It turned out that actor passed away this last year, so we may find a way to address that whole thing in this coming season. Past serial killers? Yeah. There’s a chance. Having been around ten years, we have that opportunity to delve back into other cases, so that’s always a possibility as well. Then we have a new cast member with Jennifer Love Hewitt who has been really tremendous. It has been great fun having her around. She brought a whole new energy to the show. It’s all good. We’re all looking forward to this season.

Melissa Parker (Smashing Interviews Magazine): Will you be directing the episode that ties up the Meshach Taylor character?

Joe Mantegna: Yeah. There’s a good chance I will direct the episode that has something to do with that storyline.

Melissa Parker (Smashing Interviews Magazine): Are your fellow actors good about taking your instructions as a director?

Joe Mantegna: (laughs) I’ve been there eight years now. I purposely waited until I paid my dues, you know. I didn’t want to jump in too soon. I purposely didn’t want to jump in until I felt comfortable with everyone and they with me. We have a tradition on our show anyway. Thomas Gibson is directing an episode we’re shooting right now, and he’s done a few.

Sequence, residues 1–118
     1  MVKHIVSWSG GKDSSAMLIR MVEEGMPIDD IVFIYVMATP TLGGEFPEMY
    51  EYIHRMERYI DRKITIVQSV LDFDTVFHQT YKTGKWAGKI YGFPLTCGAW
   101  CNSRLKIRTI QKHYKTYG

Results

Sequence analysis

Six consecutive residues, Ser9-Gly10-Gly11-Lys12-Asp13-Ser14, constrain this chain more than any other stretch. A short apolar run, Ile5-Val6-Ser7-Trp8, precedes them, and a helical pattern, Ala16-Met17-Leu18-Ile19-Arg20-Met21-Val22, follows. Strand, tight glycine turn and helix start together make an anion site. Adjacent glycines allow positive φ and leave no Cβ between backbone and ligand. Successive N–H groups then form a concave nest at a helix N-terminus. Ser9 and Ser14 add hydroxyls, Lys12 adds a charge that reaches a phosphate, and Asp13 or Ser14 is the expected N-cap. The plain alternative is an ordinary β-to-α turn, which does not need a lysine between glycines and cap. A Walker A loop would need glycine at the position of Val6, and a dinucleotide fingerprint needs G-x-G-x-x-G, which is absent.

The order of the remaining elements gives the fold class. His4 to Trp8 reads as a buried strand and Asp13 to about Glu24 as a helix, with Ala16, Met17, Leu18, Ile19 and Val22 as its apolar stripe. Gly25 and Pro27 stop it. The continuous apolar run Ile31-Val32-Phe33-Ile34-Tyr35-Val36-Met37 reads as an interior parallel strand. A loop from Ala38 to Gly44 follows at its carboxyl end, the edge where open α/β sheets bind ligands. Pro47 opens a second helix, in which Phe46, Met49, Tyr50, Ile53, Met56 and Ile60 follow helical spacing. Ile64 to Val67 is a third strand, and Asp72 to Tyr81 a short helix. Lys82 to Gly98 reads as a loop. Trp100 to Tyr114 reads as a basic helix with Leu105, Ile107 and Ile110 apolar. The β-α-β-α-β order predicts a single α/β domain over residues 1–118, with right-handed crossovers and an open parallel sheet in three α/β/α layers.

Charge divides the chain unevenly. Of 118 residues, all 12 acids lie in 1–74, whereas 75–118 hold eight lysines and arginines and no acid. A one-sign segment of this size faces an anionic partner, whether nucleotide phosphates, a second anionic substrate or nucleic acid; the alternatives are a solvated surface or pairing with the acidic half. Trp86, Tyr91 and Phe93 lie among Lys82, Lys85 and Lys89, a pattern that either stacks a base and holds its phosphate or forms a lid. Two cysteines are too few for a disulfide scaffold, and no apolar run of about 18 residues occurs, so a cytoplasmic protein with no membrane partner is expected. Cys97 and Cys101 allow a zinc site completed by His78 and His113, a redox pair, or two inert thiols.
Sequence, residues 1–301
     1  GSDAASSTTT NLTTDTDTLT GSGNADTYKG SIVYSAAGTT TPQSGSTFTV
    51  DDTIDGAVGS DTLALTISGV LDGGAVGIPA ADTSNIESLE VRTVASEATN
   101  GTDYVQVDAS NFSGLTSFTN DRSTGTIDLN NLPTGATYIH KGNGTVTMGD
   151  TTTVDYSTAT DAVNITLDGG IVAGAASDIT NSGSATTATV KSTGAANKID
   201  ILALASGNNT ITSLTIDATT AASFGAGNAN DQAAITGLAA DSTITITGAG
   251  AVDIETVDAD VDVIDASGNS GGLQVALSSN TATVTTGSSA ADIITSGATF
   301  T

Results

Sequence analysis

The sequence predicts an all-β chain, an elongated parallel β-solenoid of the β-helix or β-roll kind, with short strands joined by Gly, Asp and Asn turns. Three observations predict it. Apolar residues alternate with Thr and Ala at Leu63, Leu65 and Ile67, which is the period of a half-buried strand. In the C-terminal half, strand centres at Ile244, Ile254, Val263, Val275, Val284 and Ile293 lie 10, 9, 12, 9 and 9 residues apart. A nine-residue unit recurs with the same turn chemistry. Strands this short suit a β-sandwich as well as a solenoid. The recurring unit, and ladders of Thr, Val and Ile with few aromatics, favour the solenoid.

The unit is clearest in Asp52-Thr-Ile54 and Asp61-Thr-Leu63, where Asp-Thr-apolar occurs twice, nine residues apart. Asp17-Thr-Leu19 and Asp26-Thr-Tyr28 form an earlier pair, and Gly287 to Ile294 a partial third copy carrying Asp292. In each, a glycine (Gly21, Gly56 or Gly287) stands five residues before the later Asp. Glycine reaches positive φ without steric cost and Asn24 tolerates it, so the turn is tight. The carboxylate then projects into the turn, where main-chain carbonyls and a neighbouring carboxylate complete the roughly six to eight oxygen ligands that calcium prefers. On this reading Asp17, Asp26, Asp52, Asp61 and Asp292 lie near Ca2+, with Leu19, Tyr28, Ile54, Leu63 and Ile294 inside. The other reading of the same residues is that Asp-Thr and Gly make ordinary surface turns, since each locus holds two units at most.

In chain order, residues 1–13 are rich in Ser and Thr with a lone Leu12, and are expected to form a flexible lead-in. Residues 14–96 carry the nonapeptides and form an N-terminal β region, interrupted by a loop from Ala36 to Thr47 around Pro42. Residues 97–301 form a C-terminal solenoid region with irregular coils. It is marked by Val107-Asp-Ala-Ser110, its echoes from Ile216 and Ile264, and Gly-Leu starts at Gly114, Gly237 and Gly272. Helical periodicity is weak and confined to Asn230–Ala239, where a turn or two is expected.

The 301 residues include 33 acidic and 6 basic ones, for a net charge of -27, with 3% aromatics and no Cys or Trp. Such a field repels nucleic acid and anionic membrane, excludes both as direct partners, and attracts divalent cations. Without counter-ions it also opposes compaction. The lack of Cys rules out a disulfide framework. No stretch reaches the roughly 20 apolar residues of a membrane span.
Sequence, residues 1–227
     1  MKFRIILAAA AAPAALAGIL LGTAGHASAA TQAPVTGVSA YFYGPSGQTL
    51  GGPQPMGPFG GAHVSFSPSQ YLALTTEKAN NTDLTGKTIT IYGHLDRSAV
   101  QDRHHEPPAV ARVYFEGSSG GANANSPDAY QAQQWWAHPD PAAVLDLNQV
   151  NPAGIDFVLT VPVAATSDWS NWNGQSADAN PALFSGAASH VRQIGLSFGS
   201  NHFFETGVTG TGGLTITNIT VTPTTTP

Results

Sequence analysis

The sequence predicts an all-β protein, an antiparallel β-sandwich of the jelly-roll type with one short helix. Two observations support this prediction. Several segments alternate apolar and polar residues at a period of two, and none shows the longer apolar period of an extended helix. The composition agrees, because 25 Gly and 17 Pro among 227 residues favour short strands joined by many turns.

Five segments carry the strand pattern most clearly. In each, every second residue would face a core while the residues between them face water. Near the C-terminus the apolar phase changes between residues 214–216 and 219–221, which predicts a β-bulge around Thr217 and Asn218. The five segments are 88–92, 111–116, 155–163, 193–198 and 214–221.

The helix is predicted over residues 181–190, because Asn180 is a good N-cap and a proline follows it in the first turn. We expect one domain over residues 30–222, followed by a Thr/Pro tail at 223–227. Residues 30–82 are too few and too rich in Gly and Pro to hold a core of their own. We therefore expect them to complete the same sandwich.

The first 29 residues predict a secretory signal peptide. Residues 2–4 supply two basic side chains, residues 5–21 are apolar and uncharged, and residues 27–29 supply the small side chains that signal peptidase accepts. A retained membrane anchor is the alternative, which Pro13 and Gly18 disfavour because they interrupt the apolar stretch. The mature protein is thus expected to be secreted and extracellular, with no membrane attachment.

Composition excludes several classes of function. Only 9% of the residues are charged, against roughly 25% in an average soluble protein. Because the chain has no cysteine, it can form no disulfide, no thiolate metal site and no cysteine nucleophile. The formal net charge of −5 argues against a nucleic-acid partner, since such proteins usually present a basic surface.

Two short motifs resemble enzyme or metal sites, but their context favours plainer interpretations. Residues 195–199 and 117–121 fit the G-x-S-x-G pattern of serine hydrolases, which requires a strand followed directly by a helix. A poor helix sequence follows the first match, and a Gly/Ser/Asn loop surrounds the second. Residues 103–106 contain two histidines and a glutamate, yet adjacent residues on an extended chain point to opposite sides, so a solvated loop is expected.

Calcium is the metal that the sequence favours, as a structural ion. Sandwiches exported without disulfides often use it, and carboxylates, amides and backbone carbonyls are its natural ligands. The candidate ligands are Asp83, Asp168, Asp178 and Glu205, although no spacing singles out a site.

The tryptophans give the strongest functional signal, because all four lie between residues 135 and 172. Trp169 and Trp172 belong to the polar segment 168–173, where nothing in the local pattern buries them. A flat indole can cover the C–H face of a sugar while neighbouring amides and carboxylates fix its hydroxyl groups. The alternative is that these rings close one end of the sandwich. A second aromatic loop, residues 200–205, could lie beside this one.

Matthew Gubler has done more than any other cast member. He’s done five or six already if not more over the course of the last ten years, so there’s a history to that, and it’s not so unusual on other shows as well. What you find is if an actor has that kind of propensity to want to direct and has that skill set and desire and has been on the show for a while, they often can bring something to the table and let the other actors enjoy and appreciate that.

Melissa Parker (Smashing Interviews Magazine): When you joined the cast eight years ago, you basically replaced Mandy Patinkin (Jason Gideon) who left the show because he was disturbed by the dark content. Does any of that ever bother you?